rolecensus.htm

2014-10-15

ROLECENSUS
– A Tool for describing and identifying patterns of embedding vertices in their
„triadic environment“.

In their
1987 paper Strukturbeschreibung von Positionen
in sozialen Beziehungsnetzen Hans J. Hummell and Wolfgang Sodeur proposed a conceptual tool to
describe patterns of embedding vertices
in their „triadic environment“, which they called *Positionenzensus*.

In
addition, Wolfgang Sodeur presented a computer routine that could enumerate all
possible patterns in simple binary directed network (with some 300 vertices in
total). This routine was included in a bundle of network algorithms by Wolfgang
Sodeur, called *NETZDIAL*, written in FORTRAN.

The general
idea of the *Positionenzensus* is to
characterize every vertex of a network („Ego“) by the configuration of
outgoing, incoming, reciprocated as well
as absent links to every pair of other
vertices („Alter 1“ and „Alter 2“) together with the configuration of links (incoming,
outgoing, reciprocated, absent) among these two Alteri.

This idea
is an extension of the well known
concept of *triadcensus* developed by
James A. Davis, Paul W. Holland and Samuel Leinhardt, software for which is
available in many packages for network analysis (among others in *UCINET*, *PAJEK* and the packages <*sna>/<statnet>*
or <*igraph>* for R.) It is a
census of triadic configurations, seen from the perspetive of the vertices
(nodes) of a triad. S. Messing et. al. later called it *node-level triadcensus* (see below).

In
comparison to the triadcensus, which classifies all triads into
16 classes of „structurally equivalent“ triads („types“ of triads), in *Positionenzensus* there are 36 structurally different „types“ of Ego’s embeddedness in his „triadic
environment“. Again, at one extreme there is a situation, where Ego is
unrelated to two Alteri, who are also unrelated; at the other extreme the
situation where Ego is „symmetrically“ related to both Alteri, who are also
„symmetrically“ related among themselves.

A table,
which maps all 64 labled triads, which are possible among three specific
vertices(nodes) A,B,C to the 36 different types of embeddedness of the nodes A, B and C into
their “triadic environment” can be found here. (N.B. This table uses the original numbering of “triadic positions” of
Hummell/Sodeur (1987))

In a
network with g vertices, every vertex can be combined with (g-1)*(g-2) pairs of
remaining vertices. Therefeore, every vertex can be characterized by the
frequency distribution of his (g-1)*(g-2) configurations along the above
mentioned 36 types of embeddedness. Thus, the *Positionenzensus* of a network with g vertices results in an
g*36-matrix which can be further analyzed, as e.g. in positional/role analyses.

In 1990
Ronald Burt introduced this concept to the English-speaking community in an
article „Detecting Role Equivalence“ published in Social Networks, 12,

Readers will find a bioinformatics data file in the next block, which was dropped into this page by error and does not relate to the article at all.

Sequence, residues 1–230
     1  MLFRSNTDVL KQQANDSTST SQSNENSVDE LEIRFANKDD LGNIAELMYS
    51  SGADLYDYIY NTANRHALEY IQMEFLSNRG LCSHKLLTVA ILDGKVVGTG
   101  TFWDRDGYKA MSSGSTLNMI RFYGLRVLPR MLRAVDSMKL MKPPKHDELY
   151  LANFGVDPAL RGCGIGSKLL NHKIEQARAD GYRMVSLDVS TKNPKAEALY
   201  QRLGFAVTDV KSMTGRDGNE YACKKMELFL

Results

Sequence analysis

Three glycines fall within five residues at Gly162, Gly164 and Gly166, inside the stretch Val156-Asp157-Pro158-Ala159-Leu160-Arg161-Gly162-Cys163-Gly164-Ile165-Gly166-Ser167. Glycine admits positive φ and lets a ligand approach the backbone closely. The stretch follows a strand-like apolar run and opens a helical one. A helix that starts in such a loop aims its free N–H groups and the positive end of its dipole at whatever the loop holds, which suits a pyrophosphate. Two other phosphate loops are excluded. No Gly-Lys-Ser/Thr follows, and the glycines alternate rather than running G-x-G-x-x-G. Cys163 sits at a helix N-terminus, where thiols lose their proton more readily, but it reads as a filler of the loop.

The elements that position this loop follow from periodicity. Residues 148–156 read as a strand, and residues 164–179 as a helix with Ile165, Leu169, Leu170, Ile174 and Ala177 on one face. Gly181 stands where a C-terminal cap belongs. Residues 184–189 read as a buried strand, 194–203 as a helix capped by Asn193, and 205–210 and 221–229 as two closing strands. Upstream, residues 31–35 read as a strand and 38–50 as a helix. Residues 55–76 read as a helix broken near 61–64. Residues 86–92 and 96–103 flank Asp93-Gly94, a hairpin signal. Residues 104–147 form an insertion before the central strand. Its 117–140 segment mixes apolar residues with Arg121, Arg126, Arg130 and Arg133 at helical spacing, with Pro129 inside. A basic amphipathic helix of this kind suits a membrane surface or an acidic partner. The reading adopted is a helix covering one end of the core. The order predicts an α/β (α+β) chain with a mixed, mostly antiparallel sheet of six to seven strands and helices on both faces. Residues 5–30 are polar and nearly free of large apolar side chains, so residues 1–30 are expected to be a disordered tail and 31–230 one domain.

83-97. His visual presentation and numbering of
the 36 types
rendered the concept, which more apropiately he called *rolecensus*, intuitively much more accessible. At the same time he
included the respective algorithm in his package of network routines, known as *STRUCTURE*.

Meanwhile
(2010) Solomon Messing, Sean J. Westwood, Mike Nowak, and Dan McFarland wrote a
routine *triadcensus* (N.B. without
dot) as part of their package *triads* which can be used under R. They
call this routine *node-level triad census
for networks* which is even more approriate.

Their
package <triads> which however depends on version 0.5 of the package
<igraph>, can still be found on *CRAN.*

Empirical
applications of the concept can be found in: Mark Trappmann, Hans J. Hummell and
Wolfgang Sodeur, 2011: Strukturanalyse sozialer Netzwerke: Konzepte, Modelle,
Methoden; Wiesbaden: Verlag für Sozialwissenschaften, where some comments are given
concerning the relations of the *rolecensus* to concepts of positional and
role analysis (especially to regular equivalence).

The
original intention of H.J. Hummell and W. Sodeur was not restricted to
analyzing the *rolecensus* in it’s
„raw“ form, giving all 36 columns the same weight, but to collapse/combine
columns according to theoretical considerations. Thus, they tentatively
classified the rolecensus with respect to concepts of domination/subordination,
clique-membership/isolation or mediation/brokerage etc.. Concerning the last
concept, there are obvious similarities with R.V. Gould and R.M. Fernandez’
(1989) concept of brokerage roles. The essential difference is that their
brokerage roles suppose in addition to the configuration of relations a
partition of the nework in two or more groups, whereas Hummell and Sodeur’s
concept focuses on the relational pattern per se.

If you use
either Wolfgang Sodeur’s *NETZDIAL* or Ronald Burts *STRUCTURE * or Solomon Messing
et.al. *triadcensus, * you should be aware that the sequence and numbering
of the 36 types differ. Sodeur’s *NETZDIAL* outputs both: the original sequence and numbering of Hummell/Sodeur
(1987) and the later one of R.Burt (1990) which
intuitively is the most plausible; Solomon Messing et.al. sequence and
labelling is also different.

Those using
R as a framework for statistical computing will find a script here
which runs independently of other R packages for network analysis but is very
slow.